Monday, March 23, 2009

A Bath garden



Bath at this time of year springs into life literally, blossom is to be seen in Victoria Park, and the yellow of forsythia cascades through everyone's garden. Daffodils dance down Lansdown Lane, and in the Archery Field where I occasionally walk the dog, or at least throw his ball interminably, the yellow of celandine can be seen lining both sides of the ditch of one of the streams that cascade down from the Lansdown itself. On the slopes if you look up, you may spot deer, a muntjac shot out the other day five yards in front of a group of dogwalkers much to the surprise of the dogs.
But in the garden, spring can be seen as getting underway. Butterflies, the yellow of the brimstone, and brown ones dance around each other, great queen bumble bees buzz slowly past looking for a new home in the bank or lawn. Frogs have been and gone around the pond, and the hawthorns I planted years ago, are breaking into that green foliage one can nibble on. At the bottom of the garden is a bank, which I have always allowed to be wild, it holds its history in the plants it produces, it was once part of the garden of the old Victorian house behind.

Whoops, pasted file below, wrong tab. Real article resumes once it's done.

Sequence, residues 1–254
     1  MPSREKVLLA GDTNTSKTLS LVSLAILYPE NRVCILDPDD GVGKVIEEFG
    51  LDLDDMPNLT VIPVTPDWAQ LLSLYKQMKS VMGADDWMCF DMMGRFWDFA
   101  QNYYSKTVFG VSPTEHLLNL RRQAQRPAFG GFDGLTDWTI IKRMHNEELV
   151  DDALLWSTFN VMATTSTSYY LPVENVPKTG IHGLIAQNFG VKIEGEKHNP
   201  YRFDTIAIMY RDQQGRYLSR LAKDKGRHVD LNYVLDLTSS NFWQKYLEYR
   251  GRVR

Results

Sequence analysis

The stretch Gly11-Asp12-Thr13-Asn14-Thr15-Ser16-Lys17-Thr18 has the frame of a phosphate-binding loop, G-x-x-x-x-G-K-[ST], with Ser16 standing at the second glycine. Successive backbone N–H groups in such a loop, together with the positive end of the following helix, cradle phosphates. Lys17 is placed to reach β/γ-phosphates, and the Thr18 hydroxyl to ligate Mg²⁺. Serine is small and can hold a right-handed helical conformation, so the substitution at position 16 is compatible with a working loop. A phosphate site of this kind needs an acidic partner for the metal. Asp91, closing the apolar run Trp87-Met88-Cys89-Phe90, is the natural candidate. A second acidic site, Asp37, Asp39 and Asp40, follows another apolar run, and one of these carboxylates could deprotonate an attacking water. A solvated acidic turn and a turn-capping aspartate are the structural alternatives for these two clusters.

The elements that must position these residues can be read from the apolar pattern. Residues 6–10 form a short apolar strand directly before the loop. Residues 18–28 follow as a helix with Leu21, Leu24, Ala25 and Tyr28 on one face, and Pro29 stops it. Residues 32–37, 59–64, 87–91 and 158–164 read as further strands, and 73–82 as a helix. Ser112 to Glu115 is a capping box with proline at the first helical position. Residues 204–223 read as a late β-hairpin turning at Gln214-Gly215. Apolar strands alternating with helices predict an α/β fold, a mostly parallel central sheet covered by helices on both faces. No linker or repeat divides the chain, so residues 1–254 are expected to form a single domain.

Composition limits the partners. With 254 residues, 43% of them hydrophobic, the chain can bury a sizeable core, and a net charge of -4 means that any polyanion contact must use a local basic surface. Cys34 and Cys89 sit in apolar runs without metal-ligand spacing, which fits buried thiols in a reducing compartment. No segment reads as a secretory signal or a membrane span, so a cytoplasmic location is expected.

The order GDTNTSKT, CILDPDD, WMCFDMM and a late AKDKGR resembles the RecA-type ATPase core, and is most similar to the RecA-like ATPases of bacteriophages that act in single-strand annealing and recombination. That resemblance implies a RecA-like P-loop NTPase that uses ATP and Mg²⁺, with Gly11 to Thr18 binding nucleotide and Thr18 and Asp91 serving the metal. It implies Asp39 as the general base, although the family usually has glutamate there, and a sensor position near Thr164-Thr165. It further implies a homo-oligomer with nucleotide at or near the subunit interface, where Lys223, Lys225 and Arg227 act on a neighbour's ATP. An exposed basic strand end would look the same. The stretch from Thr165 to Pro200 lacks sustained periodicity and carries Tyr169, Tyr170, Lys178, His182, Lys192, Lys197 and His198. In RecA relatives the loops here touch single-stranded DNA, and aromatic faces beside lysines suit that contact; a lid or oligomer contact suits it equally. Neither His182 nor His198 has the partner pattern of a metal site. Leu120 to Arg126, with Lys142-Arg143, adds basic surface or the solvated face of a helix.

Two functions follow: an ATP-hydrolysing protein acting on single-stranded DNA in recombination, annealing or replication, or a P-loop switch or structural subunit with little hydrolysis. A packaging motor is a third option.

There is an old holly tree from the 19th century, the great trunk of a dead Japanese cherry tree, double petalled in its day, that we hung a swing on years ago. Japanese knotweed makes an appearance on this bank, as does Iris foetidissmus, at the moment there is the blue flowers of brunnera, earlier on a pale mauve crocus would sprinkle the grass, again a relic from the Victorian garden. Yellow primroses carpet this end of the garden now, a couple coloured pink where they have managed to hybridise with the later coloured primulas perhaps. The lovely fresh leaves of the cow parsely, to flower later in April, scenting the air faintly with a honey smell.. Rushes are everywhere, this is due to the stream that once meandered through the land.



Ponds have been dug in the garden, the larger one destroyed by an over-enthusiatic young dog called Moss in his heyday, the reeds produce long spires of golden brown seedheads which scatter their fine seed all over the garden, and it is an annual chore to pull these young plantlets out.

No comments:

Post a Comment